Scottish National Dictionary (1700–)

Hide Quotations Hide Etymology Cite this entry

CHOWK, CHOUK, Chook, Chok(e), Chock, n. The cheek, the jaw (Ork. 1929 Marw., chocks); the throat or neck (Gall. 1824 MacTaggart Gallov. Encycl. 134, chowks; Uls. 1880 W. H. Patterson Gl. Ant. and Dwn., chokes). Known to Cai.7, Bnff.2, Abd.2, Ags.17, Fif.10 1940 in form chowk. Almost invariably used in the pl., cf. Choller. [tʃɔ:k Ork.; tʃʌuk Cai., ne.Sc., m. and s.Sc.; tʃuk Abd.; tʃok Arg., Uls.] Sc. 1808 Jam., s.v. chokkeis:
He who has the king's evil, is vulgarly said to have “the cruells in his chouks.”
Bnff.(D) 1933 M. Symon Deveron Days 29:
Sour an' dour wis a' the fowk At oor toon-en'; Mim o' mou', an' lang o' chowk, But the hoose an' ben.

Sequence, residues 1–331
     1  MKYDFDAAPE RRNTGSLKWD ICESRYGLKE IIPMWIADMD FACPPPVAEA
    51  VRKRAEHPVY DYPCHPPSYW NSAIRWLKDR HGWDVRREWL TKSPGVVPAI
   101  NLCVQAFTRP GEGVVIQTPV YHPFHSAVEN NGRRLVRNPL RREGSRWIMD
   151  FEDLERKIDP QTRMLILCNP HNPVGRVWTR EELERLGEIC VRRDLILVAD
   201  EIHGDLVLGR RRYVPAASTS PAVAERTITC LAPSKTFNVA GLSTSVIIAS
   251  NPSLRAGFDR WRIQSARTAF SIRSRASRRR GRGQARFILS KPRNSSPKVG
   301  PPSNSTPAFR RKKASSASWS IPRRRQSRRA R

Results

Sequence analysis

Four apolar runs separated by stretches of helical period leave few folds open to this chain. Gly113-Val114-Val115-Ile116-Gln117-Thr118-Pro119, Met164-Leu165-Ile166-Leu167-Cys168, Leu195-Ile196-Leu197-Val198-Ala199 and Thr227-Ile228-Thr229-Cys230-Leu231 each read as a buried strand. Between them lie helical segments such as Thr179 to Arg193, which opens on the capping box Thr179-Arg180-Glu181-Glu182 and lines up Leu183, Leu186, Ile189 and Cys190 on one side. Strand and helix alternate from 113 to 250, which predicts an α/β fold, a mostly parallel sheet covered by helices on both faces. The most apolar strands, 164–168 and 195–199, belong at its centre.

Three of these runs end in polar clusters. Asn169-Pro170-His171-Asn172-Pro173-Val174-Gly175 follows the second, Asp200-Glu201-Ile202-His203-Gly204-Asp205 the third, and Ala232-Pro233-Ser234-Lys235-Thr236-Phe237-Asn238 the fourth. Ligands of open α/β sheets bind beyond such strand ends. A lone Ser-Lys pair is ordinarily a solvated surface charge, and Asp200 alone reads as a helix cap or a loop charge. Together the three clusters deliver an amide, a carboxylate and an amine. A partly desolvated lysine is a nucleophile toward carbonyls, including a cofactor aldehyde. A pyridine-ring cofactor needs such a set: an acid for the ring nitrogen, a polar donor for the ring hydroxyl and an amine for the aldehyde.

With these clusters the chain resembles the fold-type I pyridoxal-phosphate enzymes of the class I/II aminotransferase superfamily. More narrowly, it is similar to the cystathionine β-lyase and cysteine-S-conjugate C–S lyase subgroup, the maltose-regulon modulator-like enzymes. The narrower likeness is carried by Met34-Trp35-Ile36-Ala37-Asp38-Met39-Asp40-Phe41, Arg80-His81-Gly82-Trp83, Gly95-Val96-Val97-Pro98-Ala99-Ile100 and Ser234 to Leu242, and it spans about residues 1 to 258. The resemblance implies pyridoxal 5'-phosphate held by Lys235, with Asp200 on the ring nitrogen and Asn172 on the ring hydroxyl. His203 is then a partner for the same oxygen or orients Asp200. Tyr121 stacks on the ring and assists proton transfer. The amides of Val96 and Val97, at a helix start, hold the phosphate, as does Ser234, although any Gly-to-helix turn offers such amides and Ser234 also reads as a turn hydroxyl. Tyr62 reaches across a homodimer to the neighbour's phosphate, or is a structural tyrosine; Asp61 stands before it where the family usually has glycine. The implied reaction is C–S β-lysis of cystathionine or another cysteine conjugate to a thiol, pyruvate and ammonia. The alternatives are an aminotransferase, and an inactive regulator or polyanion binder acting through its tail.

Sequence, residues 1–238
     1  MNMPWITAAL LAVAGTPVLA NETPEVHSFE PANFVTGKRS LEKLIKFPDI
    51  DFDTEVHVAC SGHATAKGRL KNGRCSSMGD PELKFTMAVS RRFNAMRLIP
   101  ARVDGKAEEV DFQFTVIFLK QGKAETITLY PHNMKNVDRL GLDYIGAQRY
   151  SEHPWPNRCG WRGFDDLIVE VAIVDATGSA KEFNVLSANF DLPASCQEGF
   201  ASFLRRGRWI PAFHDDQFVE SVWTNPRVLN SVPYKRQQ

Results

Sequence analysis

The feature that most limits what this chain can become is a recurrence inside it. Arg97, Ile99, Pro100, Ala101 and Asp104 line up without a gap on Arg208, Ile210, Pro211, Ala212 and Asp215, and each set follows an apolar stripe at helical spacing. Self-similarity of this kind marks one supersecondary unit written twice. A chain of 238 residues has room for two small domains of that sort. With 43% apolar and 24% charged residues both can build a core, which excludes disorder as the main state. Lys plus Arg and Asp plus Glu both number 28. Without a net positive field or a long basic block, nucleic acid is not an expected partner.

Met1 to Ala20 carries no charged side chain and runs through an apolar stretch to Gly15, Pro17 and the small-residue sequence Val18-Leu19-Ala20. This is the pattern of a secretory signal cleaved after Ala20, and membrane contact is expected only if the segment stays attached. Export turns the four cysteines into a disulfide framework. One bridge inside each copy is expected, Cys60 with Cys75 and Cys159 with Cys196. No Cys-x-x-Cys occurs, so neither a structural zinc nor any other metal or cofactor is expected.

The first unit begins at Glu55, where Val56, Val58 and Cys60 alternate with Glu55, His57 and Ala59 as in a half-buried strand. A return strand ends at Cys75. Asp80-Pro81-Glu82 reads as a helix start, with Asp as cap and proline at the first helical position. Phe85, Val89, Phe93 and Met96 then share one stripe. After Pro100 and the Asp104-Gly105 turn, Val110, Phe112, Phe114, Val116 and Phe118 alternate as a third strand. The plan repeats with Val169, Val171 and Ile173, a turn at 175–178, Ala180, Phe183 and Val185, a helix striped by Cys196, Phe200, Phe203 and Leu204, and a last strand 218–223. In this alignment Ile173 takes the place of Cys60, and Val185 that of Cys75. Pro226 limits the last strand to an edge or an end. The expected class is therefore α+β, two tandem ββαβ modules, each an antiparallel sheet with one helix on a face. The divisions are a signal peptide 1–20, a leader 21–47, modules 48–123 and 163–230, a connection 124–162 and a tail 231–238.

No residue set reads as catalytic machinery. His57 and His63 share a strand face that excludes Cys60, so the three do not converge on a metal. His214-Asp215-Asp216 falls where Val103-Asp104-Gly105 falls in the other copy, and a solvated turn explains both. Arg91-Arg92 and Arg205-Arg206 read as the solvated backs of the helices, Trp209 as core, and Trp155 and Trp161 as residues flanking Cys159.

Abd.15 1928:
Ye've a braw roch stibble to kittle her chooks wi'.
Ags. 1922 J. B. Salmond Bawbee Bowden ii.:
Wi' her chowks a' rowed up wi' reid flannin'.
Edb. 1812 P. Forbes Poems 85:
Wi' aching teeth, an' chouks a' lumps.
Arg.1 1929:
He had his chokes aa' bandaged up.
Lnk. 1930 T. S. Cairncross in Scots Mag. (Jan.) 301:
The minister is sure to be a-trimmle, White in the chouks, wi' he'rt as wee's a thim'le.

Comb.: chok-band, chowk-bin, -strap, “the small strip of leather by which a bridle is fastened around the jaws of a horse” (Sc. 1808 Jam.; Bnff. 1866 Gregor D. Bnff. 31, chowk-bin s.v. cowt-hailter; Bnff.2 (-strap), Abd.2, Kcb.10 1940). Given also for n.Lin. in E.D.D.

[O.Sc. has chouk, choulk, pl. chokkeis, the jaw, earliest quot. c.1470; also cholkband, 1506. D.O.S.T. says the orig. form was prob. cholk. Cf. O.N. kjátki, jaw-bone (Zoëga), Nor. kjake, the cheek, Norw. dial. kôk, jaws, neck (Falk and Torp). In Ork. Norn O.N. l is gen. lost before k, see Marw. Intro. xlvi.]

You may wish to vary the format shown below depending on the citation style used.

"Chowk n.". Dictionary of the Scots Language. 2004. Scottish Language Dictionaries Ltd. Accessed 18 May 2021 <>



Try an Advanced Search

Browse SND: